West Papuan Highlands

The Papuan Highlands are breathtaking.  I'll never forget our first ride up to Tembagapura with Al Edwards.  As is typical, we were socked in with thick fog for most of the drive up from the lowlands.  We passed through a long tunnel and hit a clear patch on the other side.  We couldn't see far, but we could suddenly see that the ridge dropped off precipitously on either side.  As we encountered more clear patches, the intensity of the land began repeatedly sucking involuntary, "Ahh"s out of all three of us.
The Highlands area is very steep, yet plants miraculously cling to the sides.  The soil can't be that thick, but the wet conditions must break down rock at a rate that keeps up with erosion.  The geologists who do the exploration in the Papuan Highlands are some truly rugged individuals.
The jungle highlands reach up to elevations near 13,000 feet.  With increasing elevation, though, the tree cover gives way to rocky high peaks.
Fog clouds obscure the view like clockwork.  Morning's are commonly clear up until about 10:30 or 11:00 when the clouds begin materializing.  Unlike fog in the San Francisco Bay area where the fog comes rolling in like a wave off the ocean, fog clouds in New Guinea appear to form in place, grow, and merge into one big blanket.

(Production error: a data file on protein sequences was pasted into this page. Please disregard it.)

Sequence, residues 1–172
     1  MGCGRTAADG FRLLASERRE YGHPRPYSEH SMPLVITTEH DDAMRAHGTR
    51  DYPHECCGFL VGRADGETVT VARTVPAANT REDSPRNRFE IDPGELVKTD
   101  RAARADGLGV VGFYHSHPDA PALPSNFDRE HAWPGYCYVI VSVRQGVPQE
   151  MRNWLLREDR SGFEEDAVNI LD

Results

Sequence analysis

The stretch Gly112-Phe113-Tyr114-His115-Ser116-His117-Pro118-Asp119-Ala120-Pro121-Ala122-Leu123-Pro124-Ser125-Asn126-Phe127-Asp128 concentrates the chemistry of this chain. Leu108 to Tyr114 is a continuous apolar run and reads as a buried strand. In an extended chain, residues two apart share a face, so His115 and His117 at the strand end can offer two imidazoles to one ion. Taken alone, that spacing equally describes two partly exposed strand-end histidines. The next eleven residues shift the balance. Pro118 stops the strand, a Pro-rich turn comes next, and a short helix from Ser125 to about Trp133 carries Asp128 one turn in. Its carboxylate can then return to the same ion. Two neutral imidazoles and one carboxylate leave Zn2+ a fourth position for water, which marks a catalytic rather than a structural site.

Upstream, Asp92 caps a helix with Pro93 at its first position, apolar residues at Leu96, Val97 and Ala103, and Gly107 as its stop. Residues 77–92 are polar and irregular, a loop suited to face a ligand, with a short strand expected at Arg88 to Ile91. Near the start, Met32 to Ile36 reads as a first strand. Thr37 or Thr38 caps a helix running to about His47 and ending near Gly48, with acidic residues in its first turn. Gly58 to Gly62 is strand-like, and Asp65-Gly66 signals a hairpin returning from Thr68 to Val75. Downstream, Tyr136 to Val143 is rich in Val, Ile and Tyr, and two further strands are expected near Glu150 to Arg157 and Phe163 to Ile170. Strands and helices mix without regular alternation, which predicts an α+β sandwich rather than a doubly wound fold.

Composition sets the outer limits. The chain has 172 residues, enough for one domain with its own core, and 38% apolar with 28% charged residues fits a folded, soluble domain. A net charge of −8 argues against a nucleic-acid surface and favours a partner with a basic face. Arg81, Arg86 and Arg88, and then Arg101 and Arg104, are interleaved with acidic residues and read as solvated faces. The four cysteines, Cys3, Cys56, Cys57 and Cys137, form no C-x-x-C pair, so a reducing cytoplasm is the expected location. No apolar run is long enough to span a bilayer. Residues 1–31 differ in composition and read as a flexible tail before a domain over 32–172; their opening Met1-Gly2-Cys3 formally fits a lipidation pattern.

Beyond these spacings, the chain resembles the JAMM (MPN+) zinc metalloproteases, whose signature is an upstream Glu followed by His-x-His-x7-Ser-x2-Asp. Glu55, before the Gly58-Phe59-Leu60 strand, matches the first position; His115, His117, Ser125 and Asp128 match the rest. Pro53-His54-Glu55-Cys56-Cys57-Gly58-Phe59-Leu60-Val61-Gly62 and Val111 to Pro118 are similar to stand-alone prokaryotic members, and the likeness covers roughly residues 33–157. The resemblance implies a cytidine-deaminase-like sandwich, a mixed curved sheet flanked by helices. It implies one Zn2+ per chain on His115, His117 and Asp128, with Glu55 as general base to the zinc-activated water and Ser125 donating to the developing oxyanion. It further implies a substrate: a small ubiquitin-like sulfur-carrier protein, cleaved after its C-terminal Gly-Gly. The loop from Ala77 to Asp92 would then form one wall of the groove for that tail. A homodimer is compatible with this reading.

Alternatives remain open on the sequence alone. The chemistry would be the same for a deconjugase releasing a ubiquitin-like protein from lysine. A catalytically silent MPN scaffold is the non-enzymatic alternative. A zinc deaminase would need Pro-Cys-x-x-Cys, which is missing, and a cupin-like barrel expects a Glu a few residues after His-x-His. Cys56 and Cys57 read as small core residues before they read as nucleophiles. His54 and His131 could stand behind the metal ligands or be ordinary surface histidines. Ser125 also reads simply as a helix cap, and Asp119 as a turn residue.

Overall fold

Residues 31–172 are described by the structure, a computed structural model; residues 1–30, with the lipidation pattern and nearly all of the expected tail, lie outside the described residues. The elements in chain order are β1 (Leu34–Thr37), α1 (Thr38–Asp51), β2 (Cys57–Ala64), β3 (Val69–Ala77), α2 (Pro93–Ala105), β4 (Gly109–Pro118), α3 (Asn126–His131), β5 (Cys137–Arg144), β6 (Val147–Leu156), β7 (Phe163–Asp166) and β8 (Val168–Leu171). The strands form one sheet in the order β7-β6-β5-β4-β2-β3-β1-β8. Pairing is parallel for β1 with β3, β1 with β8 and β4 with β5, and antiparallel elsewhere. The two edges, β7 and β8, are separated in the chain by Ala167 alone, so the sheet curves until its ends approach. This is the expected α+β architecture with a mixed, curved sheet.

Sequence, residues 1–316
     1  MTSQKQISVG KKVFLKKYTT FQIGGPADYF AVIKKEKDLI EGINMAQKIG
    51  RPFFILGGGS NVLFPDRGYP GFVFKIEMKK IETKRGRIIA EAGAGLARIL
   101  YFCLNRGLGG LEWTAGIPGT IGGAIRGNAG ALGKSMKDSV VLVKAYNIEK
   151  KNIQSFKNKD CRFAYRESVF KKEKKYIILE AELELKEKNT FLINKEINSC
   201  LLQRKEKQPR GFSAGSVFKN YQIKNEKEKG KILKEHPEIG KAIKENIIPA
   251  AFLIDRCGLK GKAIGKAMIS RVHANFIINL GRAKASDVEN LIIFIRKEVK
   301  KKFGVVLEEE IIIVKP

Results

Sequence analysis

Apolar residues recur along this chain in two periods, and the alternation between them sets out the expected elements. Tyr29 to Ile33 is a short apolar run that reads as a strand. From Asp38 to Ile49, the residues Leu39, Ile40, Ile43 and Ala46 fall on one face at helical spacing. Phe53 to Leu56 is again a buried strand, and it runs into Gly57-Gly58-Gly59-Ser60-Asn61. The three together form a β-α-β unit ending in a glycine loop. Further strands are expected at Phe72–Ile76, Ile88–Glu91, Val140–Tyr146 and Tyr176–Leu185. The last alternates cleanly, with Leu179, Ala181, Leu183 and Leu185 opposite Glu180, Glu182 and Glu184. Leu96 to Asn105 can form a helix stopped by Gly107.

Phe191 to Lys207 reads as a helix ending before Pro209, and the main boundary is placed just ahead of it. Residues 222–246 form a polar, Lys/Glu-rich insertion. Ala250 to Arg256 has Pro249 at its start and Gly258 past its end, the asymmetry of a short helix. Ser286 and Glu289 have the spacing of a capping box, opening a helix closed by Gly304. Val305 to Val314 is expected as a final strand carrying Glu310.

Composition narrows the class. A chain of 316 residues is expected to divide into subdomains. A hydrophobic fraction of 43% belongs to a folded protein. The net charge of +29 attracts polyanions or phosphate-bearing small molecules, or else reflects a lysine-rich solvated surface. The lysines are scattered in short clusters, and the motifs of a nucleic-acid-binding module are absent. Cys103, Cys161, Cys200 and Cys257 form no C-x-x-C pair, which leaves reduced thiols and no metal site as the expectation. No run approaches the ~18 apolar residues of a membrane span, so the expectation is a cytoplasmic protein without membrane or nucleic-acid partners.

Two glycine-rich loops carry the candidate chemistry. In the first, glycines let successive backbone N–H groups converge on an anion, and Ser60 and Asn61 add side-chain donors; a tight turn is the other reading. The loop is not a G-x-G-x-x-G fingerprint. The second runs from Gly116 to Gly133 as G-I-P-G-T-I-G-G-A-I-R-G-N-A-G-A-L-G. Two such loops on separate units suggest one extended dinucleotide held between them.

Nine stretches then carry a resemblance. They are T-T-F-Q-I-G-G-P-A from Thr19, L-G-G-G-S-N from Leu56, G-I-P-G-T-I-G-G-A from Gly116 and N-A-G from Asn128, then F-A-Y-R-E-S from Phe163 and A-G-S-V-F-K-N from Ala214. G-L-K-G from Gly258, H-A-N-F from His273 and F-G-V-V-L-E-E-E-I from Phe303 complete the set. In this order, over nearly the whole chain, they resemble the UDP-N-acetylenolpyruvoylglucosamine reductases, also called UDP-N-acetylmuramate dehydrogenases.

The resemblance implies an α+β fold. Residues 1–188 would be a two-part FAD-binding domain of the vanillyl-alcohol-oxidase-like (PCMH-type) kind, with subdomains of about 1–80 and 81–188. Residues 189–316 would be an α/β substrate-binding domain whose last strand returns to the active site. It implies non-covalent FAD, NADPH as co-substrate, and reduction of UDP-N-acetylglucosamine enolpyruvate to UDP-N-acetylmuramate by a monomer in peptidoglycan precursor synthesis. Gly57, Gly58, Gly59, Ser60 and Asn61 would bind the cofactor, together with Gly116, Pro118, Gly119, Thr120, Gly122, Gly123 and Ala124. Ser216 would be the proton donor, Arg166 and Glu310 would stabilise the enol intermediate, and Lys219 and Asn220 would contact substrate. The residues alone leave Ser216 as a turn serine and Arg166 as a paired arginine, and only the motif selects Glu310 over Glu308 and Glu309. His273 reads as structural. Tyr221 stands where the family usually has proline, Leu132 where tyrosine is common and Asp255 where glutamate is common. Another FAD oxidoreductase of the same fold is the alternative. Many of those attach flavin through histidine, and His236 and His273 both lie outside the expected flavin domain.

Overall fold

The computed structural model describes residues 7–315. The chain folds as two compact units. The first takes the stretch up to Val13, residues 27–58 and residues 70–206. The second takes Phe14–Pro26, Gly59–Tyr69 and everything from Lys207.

The steep flanks make landslides common.  Sediment naturally erodes off the mountains and chokes the streams, forming braided rivers.

Waterfalls cascade off the steep mountain flanks.  Some waterfalls appear to end in a mist as the water falls 10's of meters.

The scenery is even more striking above the mill level at elevations over 12,000 ft.  Here, the tree-covered slopes give way to rocky peaks with a glacier - a glacier only 4° south of the equator! 

The photo on the left is a color photograph!  The rocky dolomite rock weathers to form virtually no soil at all, so plants cannot take root.  The terrain is very difficult to climb across, but seeing country like this makes me daydream of making geologic maps in a land where all the rocks are exposed with 100% continuity.  Yeah, mapping in such a place would lose the mystery of what lies between outcrops, but the abundance of constraints on the geology would create at least as many new puzzles!
Working in the mine area is certainly easy on the eyes.  The Yellow Valley Syncline in the carbonate rocks was exposed by glacial erosion (note the broad U-shaped valley and patternoster lakes).
The large scale geology is beautiful to behold from a helicopter - giant folds, thrust faults, and blocky igeous intrusions.  One of natures real jewels, however, was yet to come on this trip - Grasberg!

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